Brady skipped offseason workouts in 2018 and 2019. In a 2018 self-produced Facebook documentary “Tom vs. Time,” Brady’s wife, Gisele Bundchen, said, “The last two years were very challenging for him in so many ways. He tells me ‘I love it so much and I just want to go to work and feel appreciated and have fun.’” [Ben Volin / Boston Globe]
Brady doesn’t seem to be in a rush to sign with anyone, but the NFL doesn’t seem to be in a rush to sign a guy who will be 43 in August.
As for who the Patriots will replace Brady with, the team is high on second-year player Jarrett Stidham, and they could go for free agent Teddy Bridgewater. There had been reports Bridgewater might sign with Chicago, but he’s asking for $20 million+ per season, which is a problem for New England because they are among the teams with the least cap space.
Belichick is known to be fond of Cincinnati’s Andy Dalton, the Bengals lined up to take LSU quarterback Joe Burrow at No. 1 in the 2020 NFL Draft. If Brady signed with the Vegas Raiders, that would make Derek Carr available.
As for Tampa Bay, they retained their top two pass-rushers – Shaq Barrett and Jason Pierre-Paul – Monday in an attempt to look like a win-now team and are a logical landing spot for free-agent running back Melvin Gordon. But Tampa Bay is not Hollywood or Vegas.
Yup…the above was all written before the news Brady had agreed to a contract with Tampa Bay, the signing official at 4 p.m. ET Wednesday, for at least $30 million per season, i.e., at least two.
I just don’t understand this. He doesn’t need the money. He’s risking his health unnecessarily, and he’s becoming more unlikeable by the minute.
But he’s out of the AFC East…and the AFC altogether! J-E-T-S…Jets Jets Jets!
Meanwhile, Bridgewater is signing with Carolina, three years, $63 million; the Panthers telling Cam Newton to seek a trade.
And Philip Rivers is signing for one year and $25 million to lead the Colts.
--Back to Dak Prescott, the Cowboys have until July 15 to work out a long-term contract. If no deal is reached, Prescott will have the play the 2020 season on the tag, which is expected to be worth between $30 million and $33 million.
In 2019, Prescott threw for a career-high 4,902 yards – the second-best total in the NFL – and 30 touchdown passes. In his first three seasons, he had not thrown for more than 3,885 yards or 23 TDs.
The Cowboys then signed one of Prescott’s main targets, Amari Cooper, to a five-year, $100 million extension, a deal surpassing that given to Saints receiver Michael Thomas’ $96.25 million extension to make him the richest receiver in NFL history. [Atlanta’s Julio Jones has a higher annual salary at $22 million.]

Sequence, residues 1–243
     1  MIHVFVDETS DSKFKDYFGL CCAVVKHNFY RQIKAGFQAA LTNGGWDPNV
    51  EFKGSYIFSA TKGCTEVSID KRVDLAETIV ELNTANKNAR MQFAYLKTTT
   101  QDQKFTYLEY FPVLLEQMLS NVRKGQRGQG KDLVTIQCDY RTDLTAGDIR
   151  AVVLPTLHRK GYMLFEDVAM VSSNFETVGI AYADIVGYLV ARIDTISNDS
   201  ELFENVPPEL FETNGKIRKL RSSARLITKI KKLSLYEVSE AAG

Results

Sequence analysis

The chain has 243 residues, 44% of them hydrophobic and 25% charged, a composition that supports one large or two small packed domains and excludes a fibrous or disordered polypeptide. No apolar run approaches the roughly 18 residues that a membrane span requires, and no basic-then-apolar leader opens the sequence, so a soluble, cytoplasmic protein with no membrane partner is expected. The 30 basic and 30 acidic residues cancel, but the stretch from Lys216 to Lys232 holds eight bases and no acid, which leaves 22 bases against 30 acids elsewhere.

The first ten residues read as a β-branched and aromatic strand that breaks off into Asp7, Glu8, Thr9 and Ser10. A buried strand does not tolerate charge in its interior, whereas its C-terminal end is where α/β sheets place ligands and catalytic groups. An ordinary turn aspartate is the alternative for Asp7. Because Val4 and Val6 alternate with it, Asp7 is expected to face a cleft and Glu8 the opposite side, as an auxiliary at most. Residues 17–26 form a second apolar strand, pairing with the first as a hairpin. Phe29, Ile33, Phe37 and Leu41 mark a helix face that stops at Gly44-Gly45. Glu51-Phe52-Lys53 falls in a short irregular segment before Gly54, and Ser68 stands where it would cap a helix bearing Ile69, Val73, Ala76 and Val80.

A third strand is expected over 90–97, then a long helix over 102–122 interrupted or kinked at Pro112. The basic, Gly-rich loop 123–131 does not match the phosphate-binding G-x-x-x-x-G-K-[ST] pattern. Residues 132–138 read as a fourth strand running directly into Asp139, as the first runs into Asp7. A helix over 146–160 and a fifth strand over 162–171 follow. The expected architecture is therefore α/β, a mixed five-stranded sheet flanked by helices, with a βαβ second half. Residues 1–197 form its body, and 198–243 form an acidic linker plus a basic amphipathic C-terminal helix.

Cooper wanted to stay a Cowboy, as he told a local Dallas radio station. “I think about it almost every day. …Just the aura of being a Dallas Cowboy, you can’t beat it. I want to be a Dallas Cowboy for life.”
--The Arizona Cardinals are deemed big winners already, having landed star receiver DeAndre Hopkins, who is currently signed through the 2022 season. Coupled with Larry Fitzgerald, quarterback Kyler Murray has a new weapon.
Hopkins had 104 receptions last year for 1,165 yards and seven touchdowns, his third 100-reception season. He has five, 1,000-yard seasons, including the last three.
So how did Arizona get him? In a shocking trade, the Texans shipped him for running back David Johnson. Johnson has been a shell of his former self, specifically 2016, when he rushed for 1,239 yards, while catching 80 passes for another 879, with a combined 20 touchdowns. Injuries have held him back. This trade just makes zero sense.
--Miami picked up former Cowboys cornerback Byron Jones, deemed the best in the free agent pool, and Miami rewarded him, five years, $82.5 million, with $57 million in guarantees, thus making him the highest-paid corner in the NFL. The Dolphins also signed former Patriots linebacker Kyle Van Noy on a four-year, $51 million deal. And Miami has three first round picks this year.
--The Browns signed tight end Austin Hooper, a two-time Pro-Bowler with Atlanta, along with right tackle Jack Conklin, who most feel they overpaid for.
--The Bears seem intent on moving on from Mitchell Trubisky at quarterback, reportedly looking to acquire either Andy Dalton or Nick Foles.
--The Colts acquired stud defensive tackle DeForest Buckner from the 49ers for the No. 13 pick in the draft.
--The Giants signed a nice cornerback, James Bradberry, the former Panther.
--And then there was the Stefon Diggs trade. The Vikings traded the exciting, high-maintenance receiver to the Bills for a first-rounder, a fifth-rounder, a sixth-rounder and a fourth-rounder in 2021, the Viking tossing in a seventh-round pick.
So now the Bills have the speedy Diggs (63-1,130-17.9 avg.) to team with Josh Brown, which should have QB Josh Allen salivating.
But hours earlier, the Vikings had given a two-year, $66 million extension to quarterback Kirk Cousins, only to see Diggs respond by tweeting that “it’s time for a new beginning.” Cousins had butted heads with Diggs and fellow wideout Adam Thielen.